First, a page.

Are you behind or in the middle of certifying to ISO 9001:2015?
If so, this four-part blog series is for you. We’ve gone through the requirements with a fine-toothed comb and pulled out key changes to help you meet the Sept. 15, 2018 deadline – now less than one year away.
If you don’t shift from the 2008 to 2015 requirements in time, your certification will no longer be valid, potentially putting your business at risk.
Even if your company has already re-certified or is well on its way, we may have some advice you’ll want to hear. In this blog series, we’ll point out what has everyone so excited and worried – including major revisions, new approaches and tools that can ease the way.
ISO 9001:2015 Blog Series Topics:
- ISO 9001:2015 Changes and What They Mean to You
- Tools for Risk-based Thinking in ISO 9001:2015
- Process Approach and PDCA in ISO 9001:2015
- Leadership and Performance Evaluation in ISO 9001:2015
Our goal is to make this series instructional and useful as you assess your own quality management system.
Make no mistake, ISO 9001:2015 is a big deal.
Increasing global business complexity has given rise to a need for greater regulatory clarity, flexibility, and accountability. The new ISO uses the Annex SL new high level structure 10-clause format as opposed to eight. This is for better alignment of definitions and common clauses with multiple management system standards. The language is simpler. And both products and services are given equal and more explicit attention.
Let’s look at four of the biggest changes and what they mean for you.
Accountability at the Top - No More “Management Representative”
Clause 5 more squarely puts accountability on leadership. The open-ended term “management representative” has been removed. QMS is now the responsibility of leadership, who must ensure that the quality policy and objectives align with the organization’s strategic direction.
ISO 9001:2015 introduces new term requirements to help leadership determine the scope of the quality management system. For example, leadership must determine the “context of the organization,” which is defined as internal and external issues relevant to the organization’s strategy and quality policy. Additionally, leadership is asked to identify “interested parties” and their requirements.
Define and Manage Your Processes
Process Approach, Plan Do Check Act (PDCA), and Risk-based thinking, while not new, have been strengthened and made more explicit. ISO 9001:2015 asks organizations to define their processes, determine their interactions, and manage them through the PDCA cycle. Using risk-based thinking is vital and helps to identify and seize opportunities while avoiding adverse effects in your processes and the QMS as a whole.
What we knew as preventive action has been replaced by risk-based thinking. Interestingly enough, there is no requirement for a formal risk management methodology. Clause 6.1 requires determination of the risks and opportunities and actions to address them. The biggest challenge here is how. We will outline several tools you can use in our next post.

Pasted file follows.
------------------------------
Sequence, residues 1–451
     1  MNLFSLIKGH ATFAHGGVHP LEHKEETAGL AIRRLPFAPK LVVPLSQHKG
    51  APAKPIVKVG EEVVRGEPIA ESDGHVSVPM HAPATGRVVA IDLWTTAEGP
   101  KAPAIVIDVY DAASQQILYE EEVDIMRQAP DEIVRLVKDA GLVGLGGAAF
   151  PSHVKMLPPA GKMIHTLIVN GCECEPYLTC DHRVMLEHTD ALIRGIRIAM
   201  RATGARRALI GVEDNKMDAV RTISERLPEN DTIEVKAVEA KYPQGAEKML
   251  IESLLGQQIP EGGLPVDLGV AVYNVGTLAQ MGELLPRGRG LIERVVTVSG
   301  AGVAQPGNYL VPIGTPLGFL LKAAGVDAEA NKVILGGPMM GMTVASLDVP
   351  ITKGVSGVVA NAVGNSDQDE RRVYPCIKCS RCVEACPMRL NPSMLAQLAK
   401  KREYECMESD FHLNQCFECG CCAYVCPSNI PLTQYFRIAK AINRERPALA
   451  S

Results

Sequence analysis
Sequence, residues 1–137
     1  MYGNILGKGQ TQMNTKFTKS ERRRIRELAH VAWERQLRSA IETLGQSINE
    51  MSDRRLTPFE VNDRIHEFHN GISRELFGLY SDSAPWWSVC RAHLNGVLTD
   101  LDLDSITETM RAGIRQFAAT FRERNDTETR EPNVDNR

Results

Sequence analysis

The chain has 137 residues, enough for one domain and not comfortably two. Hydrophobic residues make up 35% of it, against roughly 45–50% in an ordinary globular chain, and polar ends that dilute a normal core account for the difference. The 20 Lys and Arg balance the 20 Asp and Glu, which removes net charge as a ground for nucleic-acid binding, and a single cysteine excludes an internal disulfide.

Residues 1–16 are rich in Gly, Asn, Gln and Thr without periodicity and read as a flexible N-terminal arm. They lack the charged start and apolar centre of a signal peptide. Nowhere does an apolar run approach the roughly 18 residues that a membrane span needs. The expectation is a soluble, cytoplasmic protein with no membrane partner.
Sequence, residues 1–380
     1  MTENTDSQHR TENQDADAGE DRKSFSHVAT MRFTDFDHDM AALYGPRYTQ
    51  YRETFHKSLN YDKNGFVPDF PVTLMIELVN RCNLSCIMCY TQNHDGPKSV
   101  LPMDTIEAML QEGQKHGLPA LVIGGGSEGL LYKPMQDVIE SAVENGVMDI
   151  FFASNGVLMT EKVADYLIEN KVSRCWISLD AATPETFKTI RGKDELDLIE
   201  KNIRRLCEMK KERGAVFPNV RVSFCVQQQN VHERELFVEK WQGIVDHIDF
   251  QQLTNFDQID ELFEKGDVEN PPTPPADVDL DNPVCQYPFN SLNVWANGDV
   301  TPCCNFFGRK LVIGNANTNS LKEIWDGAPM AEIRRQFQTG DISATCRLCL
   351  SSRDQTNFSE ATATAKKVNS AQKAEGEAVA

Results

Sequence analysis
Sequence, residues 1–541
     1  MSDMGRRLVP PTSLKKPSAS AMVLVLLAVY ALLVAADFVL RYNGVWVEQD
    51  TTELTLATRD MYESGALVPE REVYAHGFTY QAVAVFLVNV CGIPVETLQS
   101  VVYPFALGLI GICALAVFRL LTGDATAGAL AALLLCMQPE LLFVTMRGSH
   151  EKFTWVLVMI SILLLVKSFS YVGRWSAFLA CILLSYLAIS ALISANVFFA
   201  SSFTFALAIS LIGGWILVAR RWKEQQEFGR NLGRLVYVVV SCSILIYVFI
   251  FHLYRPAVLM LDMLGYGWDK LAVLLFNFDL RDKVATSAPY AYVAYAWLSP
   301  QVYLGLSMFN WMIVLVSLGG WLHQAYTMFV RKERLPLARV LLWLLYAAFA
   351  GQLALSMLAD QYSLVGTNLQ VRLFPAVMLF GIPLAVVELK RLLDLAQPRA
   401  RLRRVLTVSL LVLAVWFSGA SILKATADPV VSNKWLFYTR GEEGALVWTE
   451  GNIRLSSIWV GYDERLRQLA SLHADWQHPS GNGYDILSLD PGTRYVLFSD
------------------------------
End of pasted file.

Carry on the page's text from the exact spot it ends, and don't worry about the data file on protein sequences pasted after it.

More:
Emphasis on Planning and Controlling Change
The ISO 9001:2015 standard emphasizes planning change and process control in Clauses 6, 7, and 8. Changes to the QMS are to be carried out in a planned manner with proper documentation of changes and approval.
In our complex world, change is inevitable. We must ensure processes are under control; and when changes occur, the appropriate risk-based approach is exercised before implementation.
Continuity Through Organizational Knowledge
There is no equivalent to this concept in previous versions of ISO. Clause 7.1.6 requires organizations to determine the knowledge necessary for operating and achieving conforming products and services.
Organizational knowledge is obtained through years of experience, generally not documented, but gained as part of the day to day experience. ISO’s purpose for adding this is to ensure knowledge is maintained even during staff turnover or failures to document information. It also encourages organizations to spread knowledge through experience or mentoring. Ideally these should be captured and documented.
Don't Worry, Work Together
These terminology changes may give you some anxiety - documented information vs. document and record; external provider vs. suppliers, etc. You are not required to adopt the new terms in your QMS as long as your terms reflect your operations. Many of the changes in 9001:2015 provide organizations greater flexibility, but flexibility can sometimes be confusing. Auditors and auditees will work through these together. Do not hesitate to reach out to your certifying body if you need additional guidance and clarity.
This transition may be a bit of headache, but remember there are many benefits to your certification including improved customer satisfaction and product quality, compliance to regulatory or customer requirements, and the opportunity for continuous improvement that can ultimately enhance your reputation and bottom line. For additional information on the transition, visit ISO’s website here.
In the next post, we will delve into risk-based thinking and offer tools.
Until next time, have a great quality-filled day!